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Climate change may have given ancient human ancestors bigger brains, study finds


Climate change may have boosted humanity’s evolution by giving humanity’s ancestors bigger brains, a new study suggests.

Researchers at Washington University in St. Louis found increases in brain size of ancient hominids (ancestors of humanity) aligned with the glacial phases more than 600,000 years ago.

The team developed a computer simulation to show mathematically how the new mating habits and “parental cooperation” required to survive during a harsh Ice Age would have “accelerated” the evolution of the human brain.

The simulation suggested that hominids sought similar mates due to the increasing importance of necessities such as fire, food and shelter in order to survive the deadly cold.

The new mating habits, which the researchers call “positive selective mating,” could also have helped improve critical human skills, such as the development of language and fire-based communication.

The team at Washington University in St Louis developed a computer simulation to show, mathematically, how the new mating habits and “parental cooperation” needed to survive during a harsh Ice Age would have “accelerated” the evolution of the human brain.

In addition, greater ingenuity and a willingness to cooperate among parents, according to their study, would have greatly helped humanity’s ancestors prevent cold-related deaths, including hypothermia.

“It has long been argued that climate change was a major driver of hominin evolution, and considerable attention was paid to glacial phases,” according to the lead author of the new study, economist bruce petersen.

In The Descent of Man, and Selection in Relation to Sex, Charles Darwin placed great emphasis on sexual selection for hominid evolution,” Petersen said.

“However, its role as an evolutionary force was largely ignored for more than a century.”

In other words, an Ice Age truce in the war between the sexes improved the chances of intelligent parents who got along with each other and taught their children well.

Using anthropological and climate data to develop the simulation, Petersen found that “periods of severe climate change” beginning with a great glacial freeze 676,000 to 621,000 years ago would have led to a period of increased sexual fussiness.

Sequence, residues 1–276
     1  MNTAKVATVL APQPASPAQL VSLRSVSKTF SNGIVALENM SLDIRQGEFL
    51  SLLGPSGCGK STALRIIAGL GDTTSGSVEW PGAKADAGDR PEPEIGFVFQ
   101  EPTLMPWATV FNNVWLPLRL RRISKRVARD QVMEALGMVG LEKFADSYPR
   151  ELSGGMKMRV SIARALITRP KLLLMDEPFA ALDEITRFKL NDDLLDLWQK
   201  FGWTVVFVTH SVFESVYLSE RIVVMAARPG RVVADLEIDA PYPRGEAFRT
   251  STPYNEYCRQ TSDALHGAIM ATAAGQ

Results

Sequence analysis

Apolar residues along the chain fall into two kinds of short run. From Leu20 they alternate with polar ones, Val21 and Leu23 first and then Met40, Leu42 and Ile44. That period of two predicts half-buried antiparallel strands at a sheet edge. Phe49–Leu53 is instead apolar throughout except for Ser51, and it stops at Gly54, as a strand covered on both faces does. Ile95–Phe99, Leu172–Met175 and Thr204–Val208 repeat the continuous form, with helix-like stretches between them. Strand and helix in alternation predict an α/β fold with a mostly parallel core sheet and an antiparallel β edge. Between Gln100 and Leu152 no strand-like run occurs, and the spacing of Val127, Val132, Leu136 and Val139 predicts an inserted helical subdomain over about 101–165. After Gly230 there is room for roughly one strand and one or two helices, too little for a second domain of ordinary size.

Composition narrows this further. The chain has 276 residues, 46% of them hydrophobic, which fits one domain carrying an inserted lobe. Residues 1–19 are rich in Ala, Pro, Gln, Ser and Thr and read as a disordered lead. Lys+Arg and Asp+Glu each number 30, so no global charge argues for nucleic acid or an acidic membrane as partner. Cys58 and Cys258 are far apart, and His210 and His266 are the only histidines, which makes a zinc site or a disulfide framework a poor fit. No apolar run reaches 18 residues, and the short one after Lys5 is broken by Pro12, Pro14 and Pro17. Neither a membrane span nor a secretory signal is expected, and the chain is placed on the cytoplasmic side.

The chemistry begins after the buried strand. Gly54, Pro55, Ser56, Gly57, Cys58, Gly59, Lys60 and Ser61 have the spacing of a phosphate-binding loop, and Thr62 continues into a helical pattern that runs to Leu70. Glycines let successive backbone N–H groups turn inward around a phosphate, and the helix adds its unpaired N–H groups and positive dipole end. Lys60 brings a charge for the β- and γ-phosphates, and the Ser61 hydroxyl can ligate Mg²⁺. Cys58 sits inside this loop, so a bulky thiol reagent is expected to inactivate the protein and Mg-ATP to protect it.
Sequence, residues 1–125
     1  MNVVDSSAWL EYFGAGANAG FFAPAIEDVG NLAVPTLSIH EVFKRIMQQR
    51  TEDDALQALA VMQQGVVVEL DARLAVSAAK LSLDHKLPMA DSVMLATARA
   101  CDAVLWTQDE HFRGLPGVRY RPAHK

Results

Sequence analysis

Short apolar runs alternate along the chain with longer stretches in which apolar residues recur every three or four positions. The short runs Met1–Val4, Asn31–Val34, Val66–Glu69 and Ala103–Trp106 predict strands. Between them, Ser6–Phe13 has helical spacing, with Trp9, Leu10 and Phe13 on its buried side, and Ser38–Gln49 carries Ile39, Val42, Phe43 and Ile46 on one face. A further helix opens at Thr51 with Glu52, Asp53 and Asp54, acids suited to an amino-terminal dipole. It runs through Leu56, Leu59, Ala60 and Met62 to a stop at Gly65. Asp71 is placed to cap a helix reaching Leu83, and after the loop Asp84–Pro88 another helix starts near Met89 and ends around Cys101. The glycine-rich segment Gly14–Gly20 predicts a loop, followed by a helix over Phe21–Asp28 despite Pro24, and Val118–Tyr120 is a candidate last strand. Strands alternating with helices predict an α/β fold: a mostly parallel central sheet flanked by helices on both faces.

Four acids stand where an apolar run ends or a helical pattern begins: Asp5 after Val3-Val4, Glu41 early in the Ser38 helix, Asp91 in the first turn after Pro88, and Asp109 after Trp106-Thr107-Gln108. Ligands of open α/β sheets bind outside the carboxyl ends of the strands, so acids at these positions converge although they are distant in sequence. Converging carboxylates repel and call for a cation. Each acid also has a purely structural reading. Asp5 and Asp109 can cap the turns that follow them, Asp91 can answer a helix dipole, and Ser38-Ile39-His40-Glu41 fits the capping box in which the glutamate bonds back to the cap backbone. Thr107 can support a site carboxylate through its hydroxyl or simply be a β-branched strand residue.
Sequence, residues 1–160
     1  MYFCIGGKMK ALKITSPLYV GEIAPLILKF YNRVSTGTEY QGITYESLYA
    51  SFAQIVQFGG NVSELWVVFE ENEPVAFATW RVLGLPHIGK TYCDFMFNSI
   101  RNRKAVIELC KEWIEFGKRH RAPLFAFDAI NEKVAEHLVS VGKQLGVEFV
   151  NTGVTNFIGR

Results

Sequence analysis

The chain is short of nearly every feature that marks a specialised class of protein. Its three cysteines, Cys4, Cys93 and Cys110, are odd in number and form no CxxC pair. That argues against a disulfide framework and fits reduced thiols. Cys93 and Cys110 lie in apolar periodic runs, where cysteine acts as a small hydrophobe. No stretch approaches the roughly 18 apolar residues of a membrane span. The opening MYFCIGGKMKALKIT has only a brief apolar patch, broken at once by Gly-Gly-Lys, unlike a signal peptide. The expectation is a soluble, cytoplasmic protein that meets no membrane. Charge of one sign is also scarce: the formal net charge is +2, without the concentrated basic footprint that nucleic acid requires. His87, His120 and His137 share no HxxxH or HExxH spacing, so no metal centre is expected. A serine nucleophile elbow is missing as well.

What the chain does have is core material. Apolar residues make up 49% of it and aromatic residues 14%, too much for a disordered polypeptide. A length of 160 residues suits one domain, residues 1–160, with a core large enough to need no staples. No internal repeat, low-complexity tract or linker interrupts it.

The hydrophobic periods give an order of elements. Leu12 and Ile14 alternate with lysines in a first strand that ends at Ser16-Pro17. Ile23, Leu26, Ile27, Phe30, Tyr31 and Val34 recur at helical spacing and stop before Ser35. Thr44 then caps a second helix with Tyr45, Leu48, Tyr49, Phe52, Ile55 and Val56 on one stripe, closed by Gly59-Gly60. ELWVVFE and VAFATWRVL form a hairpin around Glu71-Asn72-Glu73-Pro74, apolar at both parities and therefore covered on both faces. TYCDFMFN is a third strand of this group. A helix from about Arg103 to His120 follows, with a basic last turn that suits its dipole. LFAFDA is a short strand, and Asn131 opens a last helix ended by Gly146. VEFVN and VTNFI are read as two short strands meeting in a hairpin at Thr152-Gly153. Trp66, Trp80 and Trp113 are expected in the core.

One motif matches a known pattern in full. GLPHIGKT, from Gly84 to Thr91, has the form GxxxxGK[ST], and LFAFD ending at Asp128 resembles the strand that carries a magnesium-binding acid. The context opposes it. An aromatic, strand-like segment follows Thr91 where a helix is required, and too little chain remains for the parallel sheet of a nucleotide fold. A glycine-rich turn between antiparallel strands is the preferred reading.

This ‘Ice Age within an Ice Age’, termed MIS 16 after the marine isotopes used to identify it, would have led to what Petersen calls ‘positive selective mating.’

“This means that the partners are less specialized,” Petersen said, “in part because complementarities arise only when the partners work together.”

“An efficient mating system undoubtedly became increasingly important with the prolongation of offspring dependency and the onset of severe glacial phases,” he noted.

The research team’s simulation pitted three categories of primitive men against each other: first, a group that was the most intelligent but physically weak, a second ‘intermediate’ group, and lastly, a third that was the strongest but least intelligent. .

Their mathematical models found that positive selective mating of pairs in the first category not only produced the fittest offspring, but was often the only pairing with enough offspring for their genes to survive the brutal glacial freeze.

“Many scientists have argued that the enormous advantages of both language and fire would have exerted strong selective pressures on these behaviors,” Petersen said.

Using economic models, Petersen described them as ‘home-produced family public goods’ that were ‘demanding to produce’ and included fire, language, housing and child training.

The new research also suggests that survival pressures due to climate change may have caused physical changes, reducing ‘dimorphism’, or body differences between the sexes.

“Finally, this paper suggests that family economics, particularly the focus on selective mating, may be useful for future research on the evolution of sexual dimorphism in Homo (early hominids in general, not just Homo sapiens or other )”.

“One prediction from the model in this paper,” Petersen noted, is a “decrease in body size dimorphism.”

These changes in the difference based on sex (height, weight, and strength)’ may have continued well into the time period of Homo heidelbergensis: an extinct species of humans known from fossils dating to 600,000 to 200,000 years ago in Africa, Europe and possibly Asia. ,’ he said.

Petersen believes that the extreme hardships of the Ice Age were a key case in which ‘positive’ natural selection, i.e. co-parenting choices, had a greater impact on human evolution than ‘negative’ natural selection, of deaths and competition.

“The paper applies basic economic principles, which are rarely used to explain human evolution before Homo sapiens,” Petersen added.

“Sexual selection and parental cooperation, along with severe glacial phases, helped drive hominin intelligence in the Middle Pleistocene.”

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